Rotating brush structure 142 is supported from the frame 30 adjacent one side of the throat 74 for moving material toward the throat and, when the cutting device 10 is operated in very wide piles of leaves and debris, for parting the pile. The structure 142 includes an upright brush 144 mounted on an upright shaft 146 and driven by a hydraulic motor 148. As shown in FIG. 1, the rotating upright brush 144 acts to direct debris located on one side of the machine toward the throat 74. When very wide piles of leaves and debris are encountered and two or more passes are required to collect the debris, the brush acts as a pile divider to provide a relatively clean separation area.
A second rotating brush structure 152 is supported from the frame of the tractor 14 for moving leaves and other debris inwardly from the street curb or the like into alignment with the throat 74. The structure 152 includes a brush 154 supported for rotation about a horizontal axis angled from the transverse direction by adjustable support structure 156 connected to the tractor frame. The brush 154 is rotated by a hydraulic motor 158 or other suitable drive structure. The rotating brush structure 152 helps to size the piles and align the piles with the throat 74. The structure 152 also permits the operator to remove debris from the curb area which otherwise might be inaccessible to the cutting device 10. Hydraulic cylinder means 160 are provided on the support structure 156 to adjust the brush 54 to the optimum position.
Trailing brush structure 162 including a brush 164 mounted for rotation with a transversely extending horizontal brush shaft 166 is supported from the frame 30 generally below the auger 76. The shaft 166 is drivingly connected to the transmission 56 for rotation with the rotor 44 to brush residual debris upwardly from the road surface for deposit into the auger 76.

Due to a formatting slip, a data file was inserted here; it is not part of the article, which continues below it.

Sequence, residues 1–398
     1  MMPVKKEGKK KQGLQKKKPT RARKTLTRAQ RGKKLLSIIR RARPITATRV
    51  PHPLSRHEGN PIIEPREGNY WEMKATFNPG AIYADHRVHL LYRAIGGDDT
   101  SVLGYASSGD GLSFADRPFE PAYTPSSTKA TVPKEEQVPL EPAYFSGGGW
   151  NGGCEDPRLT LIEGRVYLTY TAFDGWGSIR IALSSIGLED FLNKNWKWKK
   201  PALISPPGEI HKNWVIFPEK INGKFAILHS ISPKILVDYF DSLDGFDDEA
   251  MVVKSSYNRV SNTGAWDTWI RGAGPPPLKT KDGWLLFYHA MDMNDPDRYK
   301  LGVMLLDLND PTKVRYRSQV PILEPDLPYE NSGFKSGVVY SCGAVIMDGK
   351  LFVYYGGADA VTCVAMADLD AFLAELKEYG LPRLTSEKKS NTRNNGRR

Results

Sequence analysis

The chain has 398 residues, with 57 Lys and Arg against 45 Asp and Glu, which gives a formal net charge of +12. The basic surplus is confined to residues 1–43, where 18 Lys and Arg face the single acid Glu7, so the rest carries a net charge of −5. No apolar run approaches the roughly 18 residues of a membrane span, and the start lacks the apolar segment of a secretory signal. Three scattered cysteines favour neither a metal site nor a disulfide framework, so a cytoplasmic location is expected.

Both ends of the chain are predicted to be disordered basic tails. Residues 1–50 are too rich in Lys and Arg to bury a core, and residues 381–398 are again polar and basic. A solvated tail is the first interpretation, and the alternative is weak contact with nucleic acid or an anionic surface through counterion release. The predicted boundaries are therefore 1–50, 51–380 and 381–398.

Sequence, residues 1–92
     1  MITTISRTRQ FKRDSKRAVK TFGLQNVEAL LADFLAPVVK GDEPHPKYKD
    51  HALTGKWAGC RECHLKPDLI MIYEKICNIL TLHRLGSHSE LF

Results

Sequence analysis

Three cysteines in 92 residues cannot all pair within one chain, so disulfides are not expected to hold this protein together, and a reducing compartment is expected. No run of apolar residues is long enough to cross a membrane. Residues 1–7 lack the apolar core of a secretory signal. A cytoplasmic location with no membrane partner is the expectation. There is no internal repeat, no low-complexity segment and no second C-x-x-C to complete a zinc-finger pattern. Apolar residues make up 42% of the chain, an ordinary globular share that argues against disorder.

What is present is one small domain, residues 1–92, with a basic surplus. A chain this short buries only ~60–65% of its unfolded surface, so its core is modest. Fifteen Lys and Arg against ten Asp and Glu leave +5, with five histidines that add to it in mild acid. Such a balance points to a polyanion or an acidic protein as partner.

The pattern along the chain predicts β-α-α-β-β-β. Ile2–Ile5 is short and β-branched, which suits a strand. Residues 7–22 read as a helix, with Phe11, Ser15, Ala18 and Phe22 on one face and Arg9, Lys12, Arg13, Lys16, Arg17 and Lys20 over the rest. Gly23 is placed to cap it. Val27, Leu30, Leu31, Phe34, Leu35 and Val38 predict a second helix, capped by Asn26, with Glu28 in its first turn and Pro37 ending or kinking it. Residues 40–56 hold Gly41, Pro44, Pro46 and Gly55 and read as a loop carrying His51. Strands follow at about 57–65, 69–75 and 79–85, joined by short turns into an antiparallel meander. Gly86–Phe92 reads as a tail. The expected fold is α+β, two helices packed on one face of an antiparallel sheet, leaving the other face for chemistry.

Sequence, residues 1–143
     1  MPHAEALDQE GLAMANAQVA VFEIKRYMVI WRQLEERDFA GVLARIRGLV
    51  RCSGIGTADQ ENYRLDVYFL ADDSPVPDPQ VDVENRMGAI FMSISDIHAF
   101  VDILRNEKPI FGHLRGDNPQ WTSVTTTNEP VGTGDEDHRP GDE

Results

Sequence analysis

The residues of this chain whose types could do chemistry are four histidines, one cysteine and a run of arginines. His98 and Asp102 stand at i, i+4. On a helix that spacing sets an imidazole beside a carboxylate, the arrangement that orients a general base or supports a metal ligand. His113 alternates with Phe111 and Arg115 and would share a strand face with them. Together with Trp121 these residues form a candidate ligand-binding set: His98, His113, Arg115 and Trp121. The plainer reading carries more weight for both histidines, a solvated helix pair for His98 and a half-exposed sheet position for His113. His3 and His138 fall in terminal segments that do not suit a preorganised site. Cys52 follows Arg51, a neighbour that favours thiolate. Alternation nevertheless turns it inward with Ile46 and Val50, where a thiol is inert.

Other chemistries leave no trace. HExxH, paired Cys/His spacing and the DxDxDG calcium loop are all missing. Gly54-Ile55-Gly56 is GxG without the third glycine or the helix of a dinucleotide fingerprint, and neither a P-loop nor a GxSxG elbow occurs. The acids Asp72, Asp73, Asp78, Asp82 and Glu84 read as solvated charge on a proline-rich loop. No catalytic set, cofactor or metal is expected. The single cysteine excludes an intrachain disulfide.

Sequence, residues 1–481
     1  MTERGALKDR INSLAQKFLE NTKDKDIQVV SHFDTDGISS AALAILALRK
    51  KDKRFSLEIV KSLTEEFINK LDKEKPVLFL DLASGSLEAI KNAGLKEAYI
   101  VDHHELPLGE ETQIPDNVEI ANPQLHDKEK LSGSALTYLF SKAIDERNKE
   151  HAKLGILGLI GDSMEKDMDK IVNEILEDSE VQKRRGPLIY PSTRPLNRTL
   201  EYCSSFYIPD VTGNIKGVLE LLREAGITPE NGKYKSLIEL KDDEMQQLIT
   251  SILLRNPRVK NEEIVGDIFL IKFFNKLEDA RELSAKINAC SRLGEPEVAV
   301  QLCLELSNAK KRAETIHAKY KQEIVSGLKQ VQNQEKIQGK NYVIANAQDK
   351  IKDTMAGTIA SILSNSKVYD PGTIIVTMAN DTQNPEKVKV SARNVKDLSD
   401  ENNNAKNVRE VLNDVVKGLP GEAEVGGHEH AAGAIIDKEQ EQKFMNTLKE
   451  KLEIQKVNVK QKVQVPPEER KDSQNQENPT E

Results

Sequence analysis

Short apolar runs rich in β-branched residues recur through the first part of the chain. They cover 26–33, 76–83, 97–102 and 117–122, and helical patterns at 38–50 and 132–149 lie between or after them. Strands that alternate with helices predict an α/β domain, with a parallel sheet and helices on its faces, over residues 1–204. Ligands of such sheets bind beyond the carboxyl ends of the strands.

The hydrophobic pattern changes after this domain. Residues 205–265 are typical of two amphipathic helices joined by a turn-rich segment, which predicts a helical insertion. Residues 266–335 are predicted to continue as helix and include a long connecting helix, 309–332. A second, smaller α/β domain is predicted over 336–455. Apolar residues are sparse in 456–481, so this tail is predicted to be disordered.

In operation, the tractor 14 tows the cutting device 10 over the piles 16 which enter the throat 74 and are lifted by the knives 48 and directed into the auger 76. The auger 76 delivers the lifted material to the cutterhead 82 which propels the material upwardly and rearwardly through the chute 88 to the receptacle 22 which is towed rearwardly behind the cutting device 10. When large piles of leaves are encountered (FIG. 5) the operator retracts the cylinders 112 to maximize the area of the throat 74. The panel 122 helps to funnel the tops of the piles downwardly toward the upper edge 92 of the hood 72. As the piles decrease in height (FIG. 6) the operator extends the cylinder 112 to reduce the height of the throat 174 which helps to maintain the forward portion of the housing closed to reduce the amount of material that is thrown forwardly out the throat 74 and to optimize the air flow under the hood 72 induced by the rotating knives 48. This on-the-go adjustable throat feature permits the ends of piles to be cleanly picked up. The trailing brush structure 162 provides additional cleaning action.
The tractor, as it is driven forwardly over the piles 16, sizes the piles for better entry under the front edge 92 of the hood 72. Each of the rotor knives 48 cuts away a portion of the pile as the cutting device 10 is moved forwardly over the pile. The knives 48 permit even frozen and snow covered piles of debris to be lifted from the roadway.
In the preferred embodiment, the receptacle 22 is a self-propelled type, such as a dump truck, so that once the receptacle is filled it can be easily transported to a dump site. One can see from the above-described structure that a chopping action is provided as the flails 48 cut into the piles of debris. This action reduces material size and lessens the amount of air entrained in the material deposited in the receptacle 22 for a more compact load which results in fewer trips to the dump site. In addition, the system can easily handle sticks and the like which would otherwise cause problems in many conventional systems.
Having described the preferred embodiment, it will be apparent that modifications can be made without departing from the scope of the invention as defined in the accompanying claims.